"Your disk is almost full" – the latest warning message on my laptop.
It tells me I could "save space by optimizing storage". Tell me something I don't already know! The year end is upon us. The crazy slide into Christmas is happening right now – 2018 is nearly over.
My mind has been full for some time now, and my energy and focus starting to slip. A summer break is nearly here, just in the nick of time.
Time for a few reflections – highlights and lowlights, actually mostly highlights. I've had a great year with special people in my life. My children, my parents and I are healthy, and we have a wonderful place to live, surrounded by nature.
On a professional front, there remain a number of frustrations within my Horizons role – plenty of room for more progress. But I'm glad to be there. I continue to learn so much from working with Ngaa Rauru Kiitahi and 2019 will be the year for my Thrive Whanganui social enterprise work with amazing trustees around me.
At a national government level, I've been quietly impressed with the wins from the Greens, particularly around legalising cannabis. Getting the medicinal cannabis legislation to go beyond only those with a terminal illness is the right move. So many New Zealanders, Sir Paul Holmes, Helen Kelly, and probably someone you know, need cannabis to help with pain.
We've just had the end of single-use plastic bags confirmed as coming into effect in the middle of next year. So many people in Whanganui have led the charge on this valuable and symbolic change.
Internationally, the voices of young people continue to gain strength, particularly in the climate change campaigning space. They're not waiting for leadership, they're displaying it themselves.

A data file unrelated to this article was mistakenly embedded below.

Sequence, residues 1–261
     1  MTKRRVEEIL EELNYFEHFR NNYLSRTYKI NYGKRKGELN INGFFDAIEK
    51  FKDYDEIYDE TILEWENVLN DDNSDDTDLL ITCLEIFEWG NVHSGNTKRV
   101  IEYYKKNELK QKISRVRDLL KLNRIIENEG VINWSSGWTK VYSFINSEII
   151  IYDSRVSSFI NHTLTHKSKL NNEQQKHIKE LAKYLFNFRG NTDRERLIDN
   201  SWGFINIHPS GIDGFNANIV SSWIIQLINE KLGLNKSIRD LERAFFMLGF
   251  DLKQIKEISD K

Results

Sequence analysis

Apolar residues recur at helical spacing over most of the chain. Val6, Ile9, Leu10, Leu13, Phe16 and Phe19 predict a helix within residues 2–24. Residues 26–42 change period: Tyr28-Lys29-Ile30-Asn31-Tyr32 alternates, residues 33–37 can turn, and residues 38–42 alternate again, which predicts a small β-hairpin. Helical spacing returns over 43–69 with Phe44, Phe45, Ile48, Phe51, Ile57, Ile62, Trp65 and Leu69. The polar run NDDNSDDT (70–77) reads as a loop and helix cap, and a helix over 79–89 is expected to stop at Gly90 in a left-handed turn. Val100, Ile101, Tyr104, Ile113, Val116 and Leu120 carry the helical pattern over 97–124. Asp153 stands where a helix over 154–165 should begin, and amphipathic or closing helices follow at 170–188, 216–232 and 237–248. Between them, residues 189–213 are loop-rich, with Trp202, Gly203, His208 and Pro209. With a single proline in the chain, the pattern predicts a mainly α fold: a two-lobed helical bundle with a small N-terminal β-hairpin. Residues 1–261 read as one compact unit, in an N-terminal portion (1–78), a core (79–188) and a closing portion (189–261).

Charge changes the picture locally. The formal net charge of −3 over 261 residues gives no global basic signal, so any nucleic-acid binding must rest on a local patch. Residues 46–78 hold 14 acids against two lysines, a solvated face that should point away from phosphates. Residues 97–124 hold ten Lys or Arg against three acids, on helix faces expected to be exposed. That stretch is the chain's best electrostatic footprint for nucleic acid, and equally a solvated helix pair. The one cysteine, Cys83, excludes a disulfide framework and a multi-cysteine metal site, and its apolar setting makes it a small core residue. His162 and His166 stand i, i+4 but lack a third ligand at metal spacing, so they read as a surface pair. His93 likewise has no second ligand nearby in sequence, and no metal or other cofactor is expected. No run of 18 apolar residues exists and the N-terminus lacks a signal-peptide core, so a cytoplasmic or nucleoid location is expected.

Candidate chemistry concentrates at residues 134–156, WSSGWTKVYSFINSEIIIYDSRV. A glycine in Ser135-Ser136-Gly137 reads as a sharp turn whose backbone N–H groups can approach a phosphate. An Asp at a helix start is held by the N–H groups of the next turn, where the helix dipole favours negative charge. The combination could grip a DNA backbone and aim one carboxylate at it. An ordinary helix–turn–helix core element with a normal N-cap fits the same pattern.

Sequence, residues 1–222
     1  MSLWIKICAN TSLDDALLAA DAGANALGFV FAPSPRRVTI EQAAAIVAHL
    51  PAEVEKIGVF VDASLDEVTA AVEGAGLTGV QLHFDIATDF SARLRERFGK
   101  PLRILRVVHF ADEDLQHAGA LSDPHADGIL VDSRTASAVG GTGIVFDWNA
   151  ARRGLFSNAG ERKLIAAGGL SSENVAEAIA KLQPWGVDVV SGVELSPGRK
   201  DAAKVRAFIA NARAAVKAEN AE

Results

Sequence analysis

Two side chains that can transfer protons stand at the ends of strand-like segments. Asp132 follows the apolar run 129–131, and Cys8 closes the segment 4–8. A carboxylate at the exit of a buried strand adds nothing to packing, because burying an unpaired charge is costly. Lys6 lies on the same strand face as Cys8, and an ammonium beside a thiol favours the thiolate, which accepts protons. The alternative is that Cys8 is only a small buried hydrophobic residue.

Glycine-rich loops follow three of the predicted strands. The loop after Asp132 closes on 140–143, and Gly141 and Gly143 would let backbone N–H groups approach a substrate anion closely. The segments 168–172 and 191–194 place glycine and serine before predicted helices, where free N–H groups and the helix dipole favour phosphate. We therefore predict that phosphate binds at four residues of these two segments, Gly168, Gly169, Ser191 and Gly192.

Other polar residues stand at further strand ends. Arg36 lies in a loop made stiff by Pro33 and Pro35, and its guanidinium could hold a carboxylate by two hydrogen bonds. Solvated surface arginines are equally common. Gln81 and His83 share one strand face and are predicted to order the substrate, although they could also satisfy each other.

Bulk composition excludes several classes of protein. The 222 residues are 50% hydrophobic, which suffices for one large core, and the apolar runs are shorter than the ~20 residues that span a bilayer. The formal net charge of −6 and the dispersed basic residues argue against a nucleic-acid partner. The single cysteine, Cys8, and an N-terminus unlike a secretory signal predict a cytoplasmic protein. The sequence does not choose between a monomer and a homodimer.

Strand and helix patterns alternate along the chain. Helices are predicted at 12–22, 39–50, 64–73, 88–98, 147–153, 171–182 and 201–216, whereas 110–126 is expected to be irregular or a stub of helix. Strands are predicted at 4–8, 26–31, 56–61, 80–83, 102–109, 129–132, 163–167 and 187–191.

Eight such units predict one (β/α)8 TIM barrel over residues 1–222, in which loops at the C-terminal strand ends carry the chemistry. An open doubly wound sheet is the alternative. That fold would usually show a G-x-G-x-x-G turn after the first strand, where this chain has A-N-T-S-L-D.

So I'm coming to the end of an amazing year but am conscious I'm one of the lucky ones. For many, this period is tough for a variety of reasons. I share this beautiful edited excerpt from Rachel Macy Stafford's book Only Love Today that I found on her Facebook page The Hands Free Revolution for those people:
"You never wanted to know the pain of caring for a parent who doesn't remember you.
You never wanted to be the strong one.
You never wanted to know the car could be a safe place to cry. But you do.
You never wanted to know a family could break.
You never wanted to know how to put the pieces back together in a new way.
You never wanted to know a new normal. But you do.
You never wanted to know it's sometimes necessary to sever ties in order to have inner peace.
You never wanted to know how hard it is to say to yourself, "Change begins today. My loved ones deserve better."
You never wanted to know the weight that's lifted when you say to yourself, "It wasn't my fault." But you do. You do.
Perhaps as time has passed, you've discovered that to deny your story hurts more than the story itself, so you've chosen to own it.
To speak out, even when your voice shakes. To tell the truth, even when it's not pretty. To encourage someone else, even when you can barely encourage yourself. To get up and face the world, even when you can barely look in the mirror.
The tears that streak your face at the most inopportune times of the day, at the most inappropriate moments, are the lines of your story. Each time you own them, someone else is not alone in his or her story. Your jumbled mess, whether whispered as a prayer to one or shouted in desperation to thousands, could be the message someone needs right now. And perhaps by sharing, your pain will have an unexpected purpose.
Although you never wanted to own this hard story, it could grow unexpectedly beautiful on you."
To all those I've connected with in 2018, good tidings of joy and Meri Kirihimete.
Nicola Patrick is a councillor at Horizons Regional Council, works for Te Kaahui o Rauru and leads a new social enterprise hub, Thrive Whanganui. A mum of two boys, she has a science degree and is a Green Party member.